Finnish Paper Giants Shut Mills over Walkout: Impact on Global Pulp?

Finland produces more than 8.7 million metric tons of pulp every year.

Sat 16 Mar 24


Three of the world’s largest forest companies have closed pulp or paper mills after Finnish workers agreed to a two-week strike “walkout” on Monday over recent changes to the labour market.

It will see UPM, Stora Enso and the Metsä Group close six Finnish plants, in a move that Petri Vanhala, chair of the European Paperworkers Union, criticised.

While Metsä Group has pledged to continue paying workers through the walkout (not strike), UPM and Stora Enso have confirmed that, under Finnish law, the workers will not be paid throughout the strike. 

“In the past, when a strike, or another union’s strike, or something else, has caused the mill to shut down, the company had an obligation to pay wages for seven days, but UPM (which will close four plants) has announced that this will not happen this time,” Mr Vanhala said, adding that the union will assess whether UPM’s decision complies with Finnish labour legislation once the strike has ended.

The union is now threatening court action, adding that “it will take longer [to resolve] if we go to court, but it will be clear whether the company acted rightly or wrongly. Our interpretation is that it is acting wrongly.”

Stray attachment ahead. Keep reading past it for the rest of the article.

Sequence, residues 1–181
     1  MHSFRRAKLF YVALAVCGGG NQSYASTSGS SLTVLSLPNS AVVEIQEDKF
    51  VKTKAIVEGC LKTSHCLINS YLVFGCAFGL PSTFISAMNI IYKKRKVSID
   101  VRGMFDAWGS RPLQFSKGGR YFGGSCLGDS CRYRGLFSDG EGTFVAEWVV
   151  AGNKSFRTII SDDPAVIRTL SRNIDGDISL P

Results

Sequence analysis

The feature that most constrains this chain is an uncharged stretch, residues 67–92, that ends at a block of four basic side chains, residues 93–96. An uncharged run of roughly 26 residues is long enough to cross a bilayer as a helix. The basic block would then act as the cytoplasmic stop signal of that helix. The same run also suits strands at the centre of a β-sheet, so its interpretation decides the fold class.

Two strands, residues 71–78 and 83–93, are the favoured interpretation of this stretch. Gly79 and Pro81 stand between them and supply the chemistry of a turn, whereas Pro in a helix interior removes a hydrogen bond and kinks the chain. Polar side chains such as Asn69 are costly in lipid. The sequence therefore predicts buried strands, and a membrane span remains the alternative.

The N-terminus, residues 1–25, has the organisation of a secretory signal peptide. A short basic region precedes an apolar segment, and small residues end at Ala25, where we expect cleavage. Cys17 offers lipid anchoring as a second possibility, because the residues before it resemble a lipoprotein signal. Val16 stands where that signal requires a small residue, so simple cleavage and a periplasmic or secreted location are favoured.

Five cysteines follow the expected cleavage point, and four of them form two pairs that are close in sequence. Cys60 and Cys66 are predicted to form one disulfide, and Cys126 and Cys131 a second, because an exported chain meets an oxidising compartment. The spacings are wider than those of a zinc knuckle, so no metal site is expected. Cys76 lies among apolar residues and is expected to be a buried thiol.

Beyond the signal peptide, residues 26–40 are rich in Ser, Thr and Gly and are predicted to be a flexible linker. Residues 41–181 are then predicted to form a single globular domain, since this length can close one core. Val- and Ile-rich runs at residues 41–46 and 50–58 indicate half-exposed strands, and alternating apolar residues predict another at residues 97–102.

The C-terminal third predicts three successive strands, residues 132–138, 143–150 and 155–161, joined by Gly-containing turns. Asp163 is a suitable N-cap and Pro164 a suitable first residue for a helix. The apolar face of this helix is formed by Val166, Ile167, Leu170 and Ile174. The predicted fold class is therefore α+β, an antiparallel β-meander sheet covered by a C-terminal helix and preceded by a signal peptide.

Finland’s plans to roll out sweeping austerity measures have sparked protests and strikes across the country. The footage is courtesy of @artetvdocumentary.

The controversy centres around the union’s continued opposition to the government’s planned changes to labour market legislation, which, according to Mr Vanhala, will see the government change the definition of employment contracts and conditions.

In response, UPM’s Labour Markets VP, Jyrki Hollmén, justified the company’s decision, noting that the political strikes aim to influence legislative changes concerning the working conditions of employees, as defined by Finland’s Employment Contracts Act.

“In this case, the employer is not obliged to pay wages to employees who are out of work due to strikes,” according to Hollmén, with Stora Enso’s Communications Director Ingrid Peura also confirming that “the policy is that at the point when work is prevented, the payment of wages is also suspended.”

Finland is one of the world’s largest paper producers and, among the three companies, was responsible for producing more than 8.7 million metric tons of pulp in 2021.

Late last year, Wood Central reported that the three forest giants were pivoting from low-value, high-volume paper and pulp to low-volume, higher-value mass timber products due to “poor fundamentals.”

It is not understood what impact, if any, the strikes will have on the global supply chain for paper and pulp products.


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